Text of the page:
The CDC does list exceptions for certain medical conditions but they’re very vague. One that’s very vague is people with severe lung conditions. If somebody has mild asthma, that is not a severe lung condition that would interfere with them wearing a mask. Why people think they need not to wear a mask for their medical condition does not count. Anxiety is not a medical condition to not wear a mask. Wearing a mask does not decrease your oxygenation.
If someone has a medical condition that makes it difficult to wear a mask, wouldn’t they be extremely high risk if they were infected with COVID-19?
DR. GASTALDO: People with severe lung conditions on significant amounts of oxygen are people who really shouldn’t be leaving the house, and probably rarely leave the house to begin with.
Are there any places to buy a face shield locally?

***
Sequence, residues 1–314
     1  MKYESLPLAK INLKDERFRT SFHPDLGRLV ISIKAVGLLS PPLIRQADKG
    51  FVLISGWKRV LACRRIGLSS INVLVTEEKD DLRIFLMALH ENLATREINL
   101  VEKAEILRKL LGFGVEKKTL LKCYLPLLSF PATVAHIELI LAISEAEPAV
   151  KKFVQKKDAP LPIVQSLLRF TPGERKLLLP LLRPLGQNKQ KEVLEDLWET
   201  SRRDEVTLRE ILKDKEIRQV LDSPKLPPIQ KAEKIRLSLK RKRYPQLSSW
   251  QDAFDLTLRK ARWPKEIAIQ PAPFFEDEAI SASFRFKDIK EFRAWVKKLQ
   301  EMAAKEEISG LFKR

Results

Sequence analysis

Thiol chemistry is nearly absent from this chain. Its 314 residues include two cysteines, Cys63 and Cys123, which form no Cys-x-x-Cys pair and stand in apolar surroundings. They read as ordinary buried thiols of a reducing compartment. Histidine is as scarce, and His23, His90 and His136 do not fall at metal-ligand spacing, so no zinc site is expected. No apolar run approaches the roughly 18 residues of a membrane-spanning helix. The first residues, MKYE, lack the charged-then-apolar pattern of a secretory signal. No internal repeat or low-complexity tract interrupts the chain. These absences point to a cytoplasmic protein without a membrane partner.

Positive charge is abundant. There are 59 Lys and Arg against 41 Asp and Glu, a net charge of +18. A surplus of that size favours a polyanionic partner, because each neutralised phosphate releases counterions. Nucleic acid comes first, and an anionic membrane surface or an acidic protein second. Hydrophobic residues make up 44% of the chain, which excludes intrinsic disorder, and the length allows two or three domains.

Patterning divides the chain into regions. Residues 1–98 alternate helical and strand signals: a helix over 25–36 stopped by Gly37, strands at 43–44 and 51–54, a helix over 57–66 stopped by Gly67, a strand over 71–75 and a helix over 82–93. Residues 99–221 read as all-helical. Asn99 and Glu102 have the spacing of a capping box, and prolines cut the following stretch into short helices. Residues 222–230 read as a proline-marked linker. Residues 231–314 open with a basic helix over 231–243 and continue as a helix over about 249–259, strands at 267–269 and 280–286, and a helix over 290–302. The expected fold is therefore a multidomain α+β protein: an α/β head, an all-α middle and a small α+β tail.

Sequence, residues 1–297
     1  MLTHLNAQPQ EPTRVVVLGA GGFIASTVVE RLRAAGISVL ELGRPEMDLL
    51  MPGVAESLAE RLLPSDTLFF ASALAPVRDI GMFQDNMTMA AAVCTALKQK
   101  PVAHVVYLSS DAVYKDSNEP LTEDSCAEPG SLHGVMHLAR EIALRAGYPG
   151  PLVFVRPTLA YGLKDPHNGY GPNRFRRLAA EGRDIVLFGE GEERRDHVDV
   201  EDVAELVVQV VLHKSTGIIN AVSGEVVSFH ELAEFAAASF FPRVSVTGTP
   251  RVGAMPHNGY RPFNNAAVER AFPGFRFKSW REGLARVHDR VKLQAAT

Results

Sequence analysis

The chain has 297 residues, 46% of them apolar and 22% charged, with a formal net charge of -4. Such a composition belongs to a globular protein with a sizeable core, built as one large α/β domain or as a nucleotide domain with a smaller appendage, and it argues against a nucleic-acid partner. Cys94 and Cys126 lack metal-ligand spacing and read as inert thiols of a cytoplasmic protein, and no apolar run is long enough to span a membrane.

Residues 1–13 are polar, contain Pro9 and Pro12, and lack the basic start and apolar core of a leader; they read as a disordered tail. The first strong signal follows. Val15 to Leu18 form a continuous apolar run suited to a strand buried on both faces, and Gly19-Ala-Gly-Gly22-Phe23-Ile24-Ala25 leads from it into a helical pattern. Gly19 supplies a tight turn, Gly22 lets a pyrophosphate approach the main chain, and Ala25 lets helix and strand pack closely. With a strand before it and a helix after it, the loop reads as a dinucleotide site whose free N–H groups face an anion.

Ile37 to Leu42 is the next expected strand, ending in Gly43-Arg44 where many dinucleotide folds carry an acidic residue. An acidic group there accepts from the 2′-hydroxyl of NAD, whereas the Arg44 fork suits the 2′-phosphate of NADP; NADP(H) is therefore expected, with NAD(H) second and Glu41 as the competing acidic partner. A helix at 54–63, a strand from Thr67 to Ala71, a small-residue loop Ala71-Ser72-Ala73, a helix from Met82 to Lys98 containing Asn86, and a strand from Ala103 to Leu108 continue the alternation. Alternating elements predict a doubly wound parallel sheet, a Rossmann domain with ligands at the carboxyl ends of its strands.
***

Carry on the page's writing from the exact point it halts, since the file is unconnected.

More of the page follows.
In April, we reported that Cooper Enterprises in Shelby began using its existing equipment to make plastic face shields. The shields are disposable and designed for healthcare workers to help prevent the spread of illness. The products consist of a plastic shield, head strap and clip, all machined by Cooper Enterprises.
One caveat to a face shield - according to the CDC, it is not known if face shields provide any benefit as source control to protect others from the spray of respiratory particles. The CDC does not recommend use of face shields for normal everyday activities or as a substitute for cloth face coverings.
Who is responsible for enforcing the mask mandate?
On July 17, we reported the Mansfield Division of Police can enforce the mandate, though it is the department’s hope the community will voluntarily comply and that enforcement is the last option. A hotline has also been created to report non-compliance of the mask mandate.
Will we be required to mask for future viruses?
DR. FERNYAK: Possibly. It depends on how the virus is transmitted, how easily it spreads, and how deadly it is.
What are the symptoms people infected start out with? What percentage of those infected end up in the hospital?
According to the CDC, people with these symptoms may have COVID-19: Fever or chills, cough, shortness of breath or difficulty breathing, fatigue, muscle or body aches, headache, new loss of taste or smell, sore throat, congestion or runny nose, nausea or vomiting, and diarrhea.